Q: Can floaters cause total blindness?

A: No – Only a slight blockage of the vision at worst. Floaters are usually not detectable by visual testing unless they are very severe. Importantly, floaters can be related to retinal detachment or a variety of vascular conditions such as diabetic retinopathy, which can result in blindness if not treated.

Q: How common are flashes and floaters?

A: Very common – Over 70% of the population experience these problems.

Q: Are eye strain, nutrition, general health, smoking, or emotional stress related to flashes and floaters?

A: No. There is no known relationship between flashes or floaters and any of these problems.

Q: If one eye develops flashes or floaters will the other develop them as well?

A:  Very likely – In the case of a posterior vitreous separation, it is very common for the same condition to occur in the second eye within a year. For this reason, and because flashes and floaters are sometimes caused by retinal breaks, both eyes should have a dilated fundus exam as soon as possible when flashes or floaters develop in either eye.

Q: What is the treatment for flashes and floaters?

A: If light flashes are due to a posterior vitreous separation and no retinal breaks (tears) are found on careful examination with the pupil dilated, no treatment is necessary. If tears are found by the doctor, laser or occasionally freezing (cryo) treatment is needed. Vitrectomy surgery can be used to remove floaters but is very rarely indicated.

Q: What are the criteria for surgery to remove floaters?

A: Marked persistence of blocked vision may very rarely indicate a need for vitrectomy surgery. The vast majority of patients with floaters do not need vitreous surgery.

If the doctor makes the patient aware of the problem but the patient does not notice any major visual difficulties, surgery is definitely not indicated.

If the problem significantly affects the patient’s ability to work, drive, read, see medicine labels, or other critical activities, surgery may be considered.

The doctor must make certain that there is no other cause of visual loss such as macular degeneration, macular hole, nearsightedness, farsightedness, astigmatism, epimacular membranes, cataract, amblyopia (“lazy eye”), previous retinal detachment, or circulatory problems.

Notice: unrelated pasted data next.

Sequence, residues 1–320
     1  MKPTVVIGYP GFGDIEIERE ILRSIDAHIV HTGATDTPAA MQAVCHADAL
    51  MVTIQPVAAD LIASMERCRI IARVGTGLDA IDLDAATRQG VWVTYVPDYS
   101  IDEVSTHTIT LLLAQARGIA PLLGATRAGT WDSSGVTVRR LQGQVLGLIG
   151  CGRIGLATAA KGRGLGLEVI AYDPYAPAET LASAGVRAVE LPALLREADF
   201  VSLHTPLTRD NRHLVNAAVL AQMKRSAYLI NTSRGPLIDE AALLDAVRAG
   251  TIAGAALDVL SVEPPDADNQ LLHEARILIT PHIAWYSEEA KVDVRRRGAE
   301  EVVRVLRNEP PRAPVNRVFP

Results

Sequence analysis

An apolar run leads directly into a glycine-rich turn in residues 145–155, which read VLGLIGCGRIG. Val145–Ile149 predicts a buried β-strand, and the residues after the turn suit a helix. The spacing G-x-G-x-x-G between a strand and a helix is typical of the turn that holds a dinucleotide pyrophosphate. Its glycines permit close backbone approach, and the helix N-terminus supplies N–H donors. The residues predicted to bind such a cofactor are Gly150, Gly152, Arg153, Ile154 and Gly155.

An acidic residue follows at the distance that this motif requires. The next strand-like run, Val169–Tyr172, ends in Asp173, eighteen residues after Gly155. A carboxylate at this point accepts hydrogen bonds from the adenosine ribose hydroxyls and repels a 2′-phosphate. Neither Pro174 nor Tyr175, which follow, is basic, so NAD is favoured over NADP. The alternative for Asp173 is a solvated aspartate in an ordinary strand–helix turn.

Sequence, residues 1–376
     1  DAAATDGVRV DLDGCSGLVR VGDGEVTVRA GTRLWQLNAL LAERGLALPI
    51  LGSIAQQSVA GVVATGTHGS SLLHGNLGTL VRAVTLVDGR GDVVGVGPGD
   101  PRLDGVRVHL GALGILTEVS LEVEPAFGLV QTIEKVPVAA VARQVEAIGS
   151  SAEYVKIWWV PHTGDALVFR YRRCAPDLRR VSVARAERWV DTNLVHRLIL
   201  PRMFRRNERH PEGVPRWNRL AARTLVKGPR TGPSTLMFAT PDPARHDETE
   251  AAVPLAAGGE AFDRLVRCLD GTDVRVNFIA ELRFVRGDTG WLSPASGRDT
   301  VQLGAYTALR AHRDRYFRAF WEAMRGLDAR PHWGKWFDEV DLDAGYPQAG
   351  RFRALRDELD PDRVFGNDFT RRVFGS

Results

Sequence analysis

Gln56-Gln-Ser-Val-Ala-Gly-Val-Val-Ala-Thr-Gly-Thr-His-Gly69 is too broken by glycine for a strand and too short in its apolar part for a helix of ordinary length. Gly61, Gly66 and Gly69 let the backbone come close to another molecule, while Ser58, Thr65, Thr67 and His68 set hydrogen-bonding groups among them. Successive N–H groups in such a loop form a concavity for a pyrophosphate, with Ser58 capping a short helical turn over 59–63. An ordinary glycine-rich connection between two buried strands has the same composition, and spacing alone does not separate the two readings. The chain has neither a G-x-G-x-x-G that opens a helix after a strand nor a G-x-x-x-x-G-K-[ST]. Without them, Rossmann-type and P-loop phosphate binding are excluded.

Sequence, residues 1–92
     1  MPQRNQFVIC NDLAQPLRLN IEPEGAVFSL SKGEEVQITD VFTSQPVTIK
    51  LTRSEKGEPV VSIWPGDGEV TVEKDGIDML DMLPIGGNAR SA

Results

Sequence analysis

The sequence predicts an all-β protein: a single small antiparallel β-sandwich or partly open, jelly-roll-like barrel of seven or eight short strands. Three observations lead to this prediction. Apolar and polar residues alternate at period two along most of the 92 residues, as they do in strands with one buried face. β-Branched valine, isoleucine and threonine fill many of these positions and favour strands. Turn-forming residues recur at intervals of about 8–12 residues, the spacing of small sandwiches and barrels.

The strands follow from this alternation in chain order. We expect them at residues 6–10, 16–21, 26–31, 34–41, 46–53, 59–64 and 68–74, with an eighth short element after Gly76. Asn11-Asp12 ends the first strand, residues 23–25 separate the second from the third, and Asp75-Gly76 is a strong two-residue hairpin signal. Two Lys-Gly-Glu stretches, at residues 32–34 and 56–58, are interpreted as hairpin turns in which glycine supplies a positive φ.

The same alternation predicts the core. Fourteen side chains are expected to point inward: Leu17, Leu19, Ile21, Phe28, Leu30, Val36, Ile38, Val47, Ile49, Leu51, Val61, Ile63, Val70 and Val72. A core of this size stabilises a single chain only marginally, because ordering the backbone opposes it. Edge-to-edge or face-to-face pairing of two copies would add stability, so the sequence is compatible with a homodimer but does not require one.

Q: Is there a medication or eye drop for the treatment for flashes or floaters or is surgery the only option?

A: No – There is no medicine, eye drop, vitamin, herb, or diet that is beneficial to patients with flashes or floaters.

Q: Is there a laser treatment for floaters?

A:  No – Only surgery can remove floaters. YAG and other lasers have been used to treat floaters but there is no scientific evidence that laser treatment is effective.

Q: Do floaters ever disappear without surgery?

A: Yes – If the floaters are due to blood cells, they will typically disappear. However, most floaters are condensed vitreous collagen fibers and never completely disappear.

Q: Is the surgery performed on an inpatient or outpatient basis?

A: The surgery is performed on an outpatient basis in all cases, unless there is a medical reason for it to be done in the hospital.

Q: What is the success rate?

A: The surgical success rate for removal of floaters is over 98%

Q: Are there any complications?

A: There can be – There is a significant incidence of cataract progression after vitreous surgery but fortunately this is very treatable.

Retinal detachment can occur after vitreous surgery performed for any reason, including floater removal. Opinions vary widely on the frequency of retinal detachment after floater surgery. Our doctors have an incidence of about 1.5% in the few floater cases that we have done.